While common horse-sense in the west may suggest that the fast-industrializing Global South would be responsible for making the earth a greyer, more polluted and desertified place, NASA satellites have discovered that the world’s two most populous countries – China and India – are, in fact, making the earth a greener place than it was two decades ago.
According to the new study released by NASA researchers in the journal Nature Sustainability, global green leaf areas in the world have increased by five percent since the beginning of the new millennium, an area equal to all of the Amazon rainforest.
The study relied on a study of maps that revealed the increase or decrease of green vegetation between 2000 and 2017. Using two satellites, the Moderate Resolution Imaging Spectroradiometer, or MODIS, provided high-resolution data and detailed imagery allowing researchers to view the details of the Earth’s vegetation on the level of about 1,600 feet on the ground.
Lead author Chi Chen of Boston University explained:
“China and India account for one-third of the greening, but contain only 9 percent of the planet’s land area covered in vegetation … That is a surprising finding, considering the general notion of land degradation in populous countries from overexploitation.”
A quarter of the new growth occurred in China. Since the mid-1990s, the People’s Republic of China launched an ambitious new project to turn back or ameliorate the effects of rampant pollution, erosion, smog, climate change and deforestation that were unleashed by a mixture of poor regulations and free-market reforms which saw the country become the de-facto “world’s workshop.”
It was once known as the "sea of death", but after decades of greening, it's now famed for the "Kubuqi model" that tamed one of China's most formidable deserts. #desertification pic.twitter.com/07Orh6iZM0
— China Xinhua News (@XHNews) August 6, 2018
Aiming to conserve and expand its forests, Beijing launched massive tree-planting mobilizations that called on all citizens and soldiers to plant trees as a matter of civic duty, leading to over 40 percent of the country’s greening. Formerly barren land was turned into dense forests, a measure meant to control floods that also soaked up massive amounts of carbon dioxide.
In India, which remains a largely agrarian society, much of the greening was the result of the intensive cultivation of crops. Such agricultural activity accounts for 82 percent of greening in India, versus 23 percent in China. Both countries have boosted their food production efforts to feed their large, urbanizing populations.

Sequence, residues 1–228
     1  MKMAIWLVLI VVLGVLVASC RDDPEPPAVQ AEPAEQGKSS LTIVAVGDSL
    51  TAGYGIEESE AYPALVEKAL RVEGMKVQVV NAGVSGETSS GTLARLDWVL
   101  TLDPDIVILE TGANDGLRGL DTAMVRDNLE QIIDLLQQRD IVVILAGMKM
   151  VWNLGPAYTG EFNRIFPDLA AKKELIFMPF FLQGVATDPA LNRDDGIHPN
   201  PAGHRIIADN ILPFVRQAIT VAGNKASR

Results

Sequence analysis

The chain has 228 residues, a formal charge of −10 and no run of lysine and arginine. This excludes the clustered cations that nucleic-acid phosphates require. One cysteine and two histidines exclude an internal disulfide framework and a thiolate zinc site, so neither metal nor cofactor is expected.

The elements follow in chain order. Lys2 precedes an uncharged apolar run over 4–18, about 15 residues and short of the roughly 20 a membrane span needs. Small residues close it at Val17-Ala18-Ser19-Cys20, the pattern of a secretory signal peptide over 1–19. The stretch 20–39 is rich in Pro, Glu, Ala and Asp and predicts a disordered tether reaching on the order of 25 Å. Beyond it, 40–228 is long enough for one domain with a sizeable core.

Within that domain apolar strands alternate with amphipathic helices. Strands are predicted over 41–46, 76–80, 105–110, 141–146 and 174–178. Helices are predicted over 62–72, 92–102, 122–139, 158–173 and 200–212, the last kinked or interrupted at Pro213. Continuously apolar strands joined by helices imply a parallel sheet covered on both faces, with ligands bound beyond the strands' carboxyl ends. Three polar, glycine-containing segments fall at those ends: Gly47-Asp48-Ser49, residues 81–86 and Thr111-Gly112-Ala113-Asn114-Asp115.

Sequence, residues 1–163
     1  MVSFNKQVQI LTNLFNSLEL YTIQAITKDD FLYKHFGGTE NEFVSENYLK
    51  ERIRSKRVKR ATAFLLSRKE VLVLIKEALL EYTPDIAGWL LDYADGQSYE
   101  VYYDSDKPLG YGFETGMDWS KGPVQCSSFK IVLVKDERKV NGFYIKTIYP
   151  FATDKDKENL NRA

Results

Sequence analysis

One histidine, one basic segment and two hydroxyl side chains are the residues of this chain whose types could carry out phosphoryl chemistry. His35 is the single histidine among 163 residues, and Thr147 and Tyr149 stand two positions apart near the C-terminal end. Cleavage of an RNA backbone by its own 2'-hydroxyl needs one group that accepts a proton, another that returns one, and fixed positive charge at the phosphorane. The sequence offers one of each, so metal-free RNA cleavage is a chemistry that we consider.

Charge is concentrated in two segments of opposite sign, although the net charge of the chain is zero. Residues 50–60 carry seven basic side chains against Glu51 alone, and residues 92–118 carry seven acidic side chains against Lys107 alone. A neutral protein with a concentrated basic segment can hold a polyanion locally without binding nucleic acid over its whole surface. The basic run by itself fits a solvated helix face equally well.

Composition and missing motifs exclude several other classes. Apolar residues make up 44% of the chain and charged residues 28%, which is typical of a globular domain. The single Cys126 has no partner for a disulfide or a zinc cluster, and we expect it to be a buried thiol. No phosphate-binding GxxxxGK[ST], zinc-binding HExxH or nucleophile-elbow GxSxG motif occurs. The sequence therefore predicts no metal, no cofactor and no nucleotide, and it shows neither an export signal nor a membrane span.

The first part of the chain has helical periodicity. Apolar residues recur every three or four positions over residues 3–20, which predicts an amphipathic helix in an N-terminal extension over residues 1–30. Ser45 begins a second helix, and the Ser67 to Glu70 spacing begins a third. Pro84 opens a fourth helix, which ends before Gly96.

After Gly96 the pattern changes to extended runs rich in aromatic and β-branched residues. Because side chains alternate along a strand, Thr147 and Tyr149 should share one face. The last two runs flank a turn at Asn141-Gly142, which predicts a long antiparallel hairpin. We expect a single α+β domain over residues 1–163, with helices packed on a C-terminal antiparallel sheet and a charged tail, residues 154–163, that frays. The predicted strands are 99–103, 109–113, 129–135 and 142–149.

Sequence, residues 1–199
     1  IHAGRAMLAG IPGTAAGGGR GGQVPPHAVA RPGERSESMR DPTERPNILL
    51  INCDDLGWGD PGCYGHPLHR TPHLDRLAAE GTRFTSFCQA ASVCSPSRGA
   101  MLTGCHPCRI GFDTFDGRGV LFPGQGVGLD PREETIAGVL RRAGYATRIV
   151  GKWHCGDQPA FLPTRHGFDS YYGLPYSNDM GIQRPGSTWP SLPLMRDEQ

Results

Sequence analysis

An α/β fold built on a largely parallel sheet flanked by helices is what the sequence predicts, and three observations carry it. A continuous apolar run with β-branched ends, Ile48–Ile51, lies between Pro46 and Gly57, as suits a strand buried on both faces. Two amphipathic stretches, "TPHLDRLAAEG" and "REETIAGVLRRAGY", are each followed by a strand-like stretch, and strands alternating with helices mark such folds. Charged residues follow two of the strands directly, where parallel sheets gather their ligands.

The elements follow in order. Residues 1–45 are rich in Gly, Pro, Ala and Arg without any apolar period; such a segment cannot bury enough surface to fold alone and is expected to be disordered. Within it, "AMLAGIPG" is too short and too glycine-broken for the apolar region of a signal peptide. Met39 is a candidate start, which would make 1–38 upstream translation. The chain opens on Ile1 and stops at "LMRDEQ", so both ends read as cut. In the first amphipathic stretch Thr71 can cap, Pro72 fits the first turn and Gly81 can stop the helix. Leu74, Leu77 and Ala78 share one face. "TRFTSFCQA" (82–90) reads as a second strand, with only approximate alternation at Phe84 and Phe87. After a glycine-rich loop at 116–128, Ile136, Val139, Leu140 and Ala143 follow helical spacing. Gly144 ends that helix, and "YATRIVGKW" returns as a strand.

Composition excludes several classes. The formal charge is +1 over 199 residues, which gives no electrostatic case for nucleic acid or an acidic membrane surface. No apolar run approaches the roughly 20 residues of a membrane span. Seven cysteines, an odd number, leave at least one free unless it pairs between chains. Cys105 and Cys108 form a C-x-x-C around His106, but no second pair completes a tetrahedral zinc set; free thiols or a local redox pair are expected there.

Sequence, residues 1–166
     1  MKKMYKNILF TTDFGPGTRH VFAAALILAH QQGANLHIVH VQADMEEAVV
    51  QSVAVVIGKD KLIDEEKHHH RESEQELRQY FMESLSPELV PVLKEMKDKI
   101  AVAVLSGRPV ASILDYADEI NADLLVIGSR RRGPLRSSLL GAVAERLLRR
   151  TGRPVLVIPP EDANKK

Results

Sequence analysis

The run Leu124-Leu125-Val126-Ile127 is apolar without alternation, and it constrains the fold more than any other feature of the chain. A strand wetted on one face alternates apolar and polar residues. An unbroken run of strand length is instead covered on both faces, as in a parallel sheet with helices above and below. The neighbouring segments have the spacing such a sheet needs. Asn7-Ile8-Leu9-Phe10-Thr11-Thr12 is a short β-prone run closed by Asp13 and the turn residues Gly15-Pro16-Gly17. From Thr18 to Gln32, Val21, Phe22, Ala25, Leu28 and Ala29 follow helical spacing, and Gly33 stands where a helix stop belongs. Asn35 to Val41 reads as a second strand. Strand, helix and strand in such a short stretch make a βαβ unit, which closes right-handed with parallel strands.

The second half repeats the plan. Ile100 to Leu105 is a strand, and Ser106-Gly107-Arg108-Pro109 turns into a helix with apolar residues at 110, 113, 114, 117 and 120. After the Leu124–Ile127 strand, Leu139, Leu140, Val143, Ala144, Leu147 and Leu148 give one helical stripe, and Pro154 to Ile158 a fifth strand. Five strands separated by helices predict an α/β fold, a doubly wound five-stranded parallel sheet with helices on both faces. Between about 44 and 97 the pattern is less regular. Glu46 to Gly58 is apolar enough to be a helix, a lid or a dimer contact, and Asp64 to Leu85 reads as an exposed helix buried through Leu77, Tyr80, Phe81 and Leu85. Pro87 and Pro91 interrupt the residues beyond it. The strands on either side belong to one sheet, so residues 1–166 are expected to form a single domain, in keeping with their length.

While China has been a green leader in the emerging east, India broke records in 2017 when volunteers planted 66 million saplings in about 12 hours.
Reforestation efforts will be crucial in regulating the Earth’s carbon cycle and absorbing the fast-increasing carbon emissions resulting from human activities, which are largely driven by the global market’s unchecked and profit-driven pursuit of short-term economic growth, often with no regard for long-term environmental and ecological costs.
And while China’s reforestation efforts and moves to transition toward renewable energy sources have been admirable, the country is still largely reliant on fossil fuels that make the country the biggest greenhouse gas emitter on the planet.
— China Xinhua News (@XHNews) September 27, 2018
Scientists also warn that the greening trend could change, or be reversed, due to multiple factors. For example, increased food production in India could grind to a halt if groundwater is depleted or polluted.
In the meantime, the loss of natural vegetation has proceeded apace in tropical regions such as Brazil, the South American Amazon, and Indonesia, impacting the biodiversity and long-term health that make green landscapes sustainable on a long-term basis.
However, the new report does offer a cause for hope to the researchers. Rama Nemani, a co-author of the study and research scientist at NASA’s Ames Research Center, said:
“Once people realize there is a problem, they tend to fix it … In the 1970s and 80s in India and China, the situation around vegetation loss was not good. In the 1990s, people realized it, and today things have improved. Humans are incredibly resilient. That’s what we see in the satellite data.”
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